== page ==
I don’t want to get to all New Agey (as at heart I’m a miserablist) but I do find the natural world as the closest I can get to achieving a feeling of the big picture. I am not a religious person and I suppose the point I am trying to make is best summed up by Douglas Adams, writer of ‘The Hitchhikers’ Guide to the Galaxy:

Isn’t it enough to see that a garden is beautiful without having to believe that there are fairies at the bottom of it too?

Now I know that many people will disagree and I don’t want to start any arguments. I have many friends with strong religious beliefs and I would not think of trying to persuade them out of them. Sure, I have had heated debates but we are still friends.

So, if it is to be landscapes then I should perhaps think about occasionally introducing you to types of photography that are maybe not (currently) my forte. I had an unsolicited e-mail contact this week from Melissa who works on Rentokil’s blog (yes I never knew they had one either). She direct me to a post featuring an interview with science photographer David Spears The post has some really great images and tips for macro photographers, which I intend to think on and follow once I finally get that macro lens. In the meantime David’s photographs are truly stunning. If I am interested in the wider world, then he is focussing on a smaller, inner world that is far more alien and just as intriguing. There is as much beauty in his picture of a flea than there is in any landscape you would care to mention.

Summing up then – I have to go it’s Mother’s Day and the kids are itching to wake up their mother with a cup of tea and presents despite her desire to stay in bed – this post is a companion piece to the last post about the world being essentially a beautiful place despite what we, as humans, are going to it. It will abide long after we have gone.

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It’s that most wonderful time of the year…


… and by that I don’t mean Christmas. What I do mean is that the nights are finally drawing out and it looks as if Spring may finally be on its way. In a previous post I stated that I needed to take more pictures and, in the spirit of this new mindset, this is one of the first results. I usually take the camera to work with me anyhow but I figured if I get out for half an hour each day and take 5-10 pictures whilst walking for 30 minutes it will do both my fitness and my photography no end of good. I have also decided to be proactive with regards to opportunities that present themselves during the day. So, with this in mind I went for a little walk yesterday lunchtime around the town of Bollington in Cheshire where I work. During the course of this perambulation I took some pictures that I was pretty happy with:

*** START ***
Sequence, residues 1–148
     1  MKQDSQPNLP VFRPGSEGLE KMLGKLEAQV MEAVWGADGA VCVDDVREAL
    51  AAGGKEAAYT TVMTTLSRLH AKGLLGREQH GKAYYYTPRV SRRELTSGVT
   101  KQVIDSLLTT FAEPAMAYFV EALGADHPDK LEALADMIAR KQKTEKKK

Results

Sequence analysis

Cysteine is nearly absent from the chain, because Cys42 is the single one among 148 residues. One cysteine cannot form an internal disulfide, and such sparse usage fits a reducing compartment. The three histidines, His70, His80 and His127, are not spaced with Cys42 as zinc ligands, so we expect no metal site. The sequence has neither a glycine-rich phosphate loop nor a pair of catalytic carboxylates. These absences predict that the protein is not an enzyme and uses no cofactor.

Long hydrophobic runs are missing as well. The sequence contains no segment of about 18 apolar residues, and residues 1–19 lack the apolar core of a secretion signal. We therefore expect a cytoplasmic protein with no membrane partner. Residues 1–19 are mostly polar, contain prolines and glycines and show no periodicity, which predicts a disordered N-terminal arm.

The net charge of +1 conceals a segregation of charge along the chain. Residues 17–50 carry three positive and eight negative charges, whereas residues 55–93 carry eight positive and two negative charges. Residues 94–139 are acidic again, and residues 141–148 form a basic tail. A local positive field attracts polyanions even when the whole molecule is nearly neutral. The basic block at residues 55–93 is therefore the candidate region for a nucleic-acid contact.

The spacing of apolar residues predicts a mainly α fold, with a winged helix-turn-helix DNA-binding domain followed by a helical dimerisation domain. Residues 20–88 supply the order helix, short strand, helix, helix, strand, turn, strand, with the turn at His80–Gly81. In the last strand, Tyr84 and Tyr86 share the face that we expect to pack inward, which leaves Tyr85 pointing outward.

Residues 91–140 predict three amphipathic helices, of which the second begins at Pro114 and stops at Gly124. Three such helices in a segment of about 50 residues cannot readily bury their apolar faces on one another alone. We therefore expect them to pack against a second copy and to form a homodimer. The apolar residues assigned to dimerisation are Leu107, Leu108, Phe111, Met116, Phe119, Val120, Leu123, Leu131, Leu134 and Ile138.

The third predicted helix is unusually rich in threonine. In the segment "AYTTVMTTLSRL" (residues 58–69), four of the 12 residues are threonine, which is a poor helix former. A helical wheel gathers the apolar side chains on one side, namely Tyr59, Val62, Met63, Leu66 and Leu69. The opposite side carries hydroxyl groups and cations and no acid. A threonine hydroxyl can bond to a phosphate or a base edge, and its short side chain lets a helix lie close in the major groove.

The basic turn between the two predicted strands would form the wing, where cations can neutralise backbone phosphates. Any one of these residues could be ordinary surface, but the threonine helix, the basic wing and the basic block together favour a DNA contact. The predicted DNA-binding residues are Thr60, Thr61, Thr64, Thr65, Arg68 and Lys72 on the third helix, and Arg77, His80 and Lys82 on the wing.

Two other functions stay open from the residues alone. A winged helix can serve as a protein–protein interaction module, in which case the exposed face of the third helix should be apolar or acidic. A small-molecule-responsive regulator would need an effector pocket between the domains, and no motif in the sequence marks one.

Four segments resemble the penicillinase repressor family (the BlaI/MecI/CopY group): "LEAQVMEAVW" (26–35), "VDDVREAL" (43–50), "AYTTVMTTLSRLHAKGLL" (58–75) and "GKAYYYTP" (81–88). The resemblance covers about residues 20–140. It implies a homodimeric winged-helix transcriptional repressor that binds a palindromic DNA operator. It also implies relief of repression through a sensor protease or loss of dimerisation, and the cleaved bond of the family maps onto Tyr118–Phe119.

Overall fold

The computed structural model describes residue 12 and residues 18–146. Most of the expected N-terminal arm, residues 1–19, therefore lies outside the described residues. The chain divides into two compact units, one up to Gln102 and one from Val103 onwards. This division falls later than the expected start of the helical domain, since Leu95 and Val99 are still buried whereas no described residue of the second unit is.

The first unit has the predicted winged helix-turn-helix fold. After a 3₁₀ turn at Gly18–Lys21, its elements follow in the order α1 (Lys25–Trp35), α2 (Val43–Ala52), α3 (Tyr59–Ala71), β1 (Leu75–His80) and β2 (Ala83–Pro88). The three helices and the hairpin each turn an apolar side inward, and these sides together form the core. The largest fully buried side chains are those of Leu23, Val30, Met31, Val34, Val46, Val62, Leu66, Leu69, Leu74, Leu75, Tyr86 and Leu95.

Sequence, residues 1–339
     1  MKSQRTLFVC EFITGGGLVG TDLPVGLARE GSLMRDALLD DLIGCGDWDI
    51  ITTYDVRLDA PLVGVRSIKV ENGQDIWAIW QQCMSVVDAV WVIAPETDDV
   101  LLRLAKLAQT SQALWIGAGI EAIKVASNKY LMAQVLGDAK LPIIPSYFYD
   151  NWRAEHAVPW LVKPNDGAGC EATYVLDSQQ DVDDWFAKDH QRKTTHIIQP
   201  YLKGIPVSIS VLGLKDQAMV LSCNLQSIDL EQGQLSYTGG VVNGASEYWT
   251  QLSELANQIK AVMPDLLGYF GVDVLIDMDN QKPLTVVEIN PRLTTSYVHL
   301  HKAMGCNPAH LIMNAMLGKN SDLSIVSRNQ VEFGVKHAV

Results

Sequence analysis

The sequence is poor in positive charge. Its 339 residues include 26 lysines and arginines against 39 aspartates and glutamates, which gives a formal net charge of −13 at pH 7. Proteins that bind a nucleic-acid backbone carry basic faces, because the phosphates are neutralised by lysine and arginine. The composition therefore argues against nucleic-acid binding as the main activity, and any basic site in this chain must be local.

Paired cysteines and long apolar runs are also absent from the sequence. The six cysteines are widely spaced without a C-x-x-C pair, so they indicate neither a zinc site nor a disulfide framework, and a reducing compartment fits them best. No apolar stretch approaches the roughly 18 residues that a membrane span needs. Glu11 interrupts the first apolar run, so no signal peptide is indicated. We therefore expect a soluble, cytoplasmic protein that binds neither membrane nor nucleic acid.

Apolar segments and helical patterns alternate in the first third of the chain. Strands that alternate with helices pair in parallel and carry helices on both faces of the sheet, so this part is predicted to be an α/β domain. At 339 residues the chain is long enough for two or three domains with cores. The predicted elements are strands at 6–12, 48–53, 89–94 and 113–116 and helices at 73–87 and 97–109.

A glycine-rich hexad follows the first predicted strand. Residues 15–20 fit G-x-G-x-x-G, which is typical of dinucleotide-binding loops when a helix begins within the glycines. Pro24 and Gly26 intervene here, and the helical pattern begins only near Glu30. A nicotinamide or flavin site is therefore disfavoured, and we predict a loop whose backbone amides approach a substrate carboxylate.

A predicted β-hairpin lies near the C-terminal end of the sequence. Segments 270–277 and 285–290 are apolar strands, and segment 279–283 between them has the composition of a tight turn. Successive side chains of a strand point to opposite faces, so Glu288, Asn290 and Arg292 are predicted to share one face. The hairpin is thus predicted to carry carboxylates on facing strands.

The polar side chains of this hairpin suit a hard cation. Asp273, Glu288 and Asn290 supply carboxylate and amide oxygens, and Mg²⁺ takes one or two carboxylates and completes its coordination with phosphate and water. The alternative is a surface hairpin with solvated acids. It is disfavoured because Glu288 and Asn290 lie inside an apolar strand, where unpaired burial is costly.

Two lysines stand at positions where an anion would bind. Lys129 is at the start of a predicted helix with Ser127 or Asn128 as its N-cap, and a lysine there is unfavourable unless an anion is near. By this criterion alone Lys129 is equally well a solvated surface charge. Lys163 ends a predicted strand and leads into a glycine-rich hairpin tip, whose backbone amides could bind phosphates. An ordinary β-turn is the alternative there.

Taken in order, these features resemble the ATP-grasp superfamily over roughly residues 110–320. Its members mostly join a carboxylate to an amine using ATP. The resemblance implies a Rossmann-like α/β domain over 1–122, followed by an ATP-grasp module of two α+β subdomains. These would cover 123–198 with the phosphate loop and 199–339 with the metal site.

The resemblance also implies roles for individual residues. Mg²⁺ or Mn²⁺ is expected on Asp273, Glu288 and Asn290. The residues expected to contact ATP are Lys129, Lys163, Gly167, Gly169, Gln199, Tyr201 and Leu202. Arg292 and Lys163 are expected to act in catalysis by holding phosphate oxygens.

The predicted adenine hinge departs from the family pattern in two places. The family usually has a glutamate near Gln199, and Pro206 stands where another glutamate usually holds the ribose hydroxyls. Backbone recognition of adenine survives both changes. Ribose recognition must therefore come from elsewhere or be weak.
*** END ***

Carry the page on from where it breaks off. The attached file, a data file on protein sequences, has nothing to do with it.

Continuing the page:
This would normally have done me for the day but, finishing work at 5.30 and on my drive home I saw the most beautiful sunset. Thankfully, I decided to stop the car and take some pictures as the sun disappeared over the horizon. The light was amazing, there was hardly a cloud in the sky (where the sun was at least) but also there was this jagged band of cloud that seemed to stop mid-sky for no apparent reason. As the sun sank lower and the colours deepened the clouds took on this wonderful pink-tinged hue. In other words, I was really glad I stopped the car and took the time to take a few pictures. The window of opportunity was slight (5 minutes at most) but this being the magic hour, coupled with the fact that the coming of Spring means that I am now leaving work just as dusk falls, meant that I was able to get some great pictures of the Cheshire sunset:

As I have said before, Winter can be great for photography (witness my Crosby pictures) but the medium, by definition, is dependent on light  and there is more of it in the Spring, Summer and early Autumn months. As the days get longer there will hopefully be more opportunity to take pictures, which can only be a good thing.

Of course an image such as this only goes to remind us of our own insignificance. After a day at work to be presented with this sight on the way home served as a reminder that the day job is a means to an end. At the end of the day, we live in a world of wonder; if we only took the time to stop and marvel at what’s in front of us (tens of cars drove past me when I took these pictures without a second glance) I personally think that the world, and our lives would be enriched and the world would seem a better place. I have been deprived of music in the car of late (iPod with red ring of death) and listening to Radio4 and Radio5 (if only 6Music was on an FM band!) has proved to be a depressing experience with constant coverage of Afghanistan, murderers stalking facebook, political skulduggery, etc, etc). In my opinion, the majority of people that you meet on a daily basis are honest, normal people like ourselves (although the occasional wanker does intrude). The world is a beautiful place people, lets look after it, and ourselves and each other.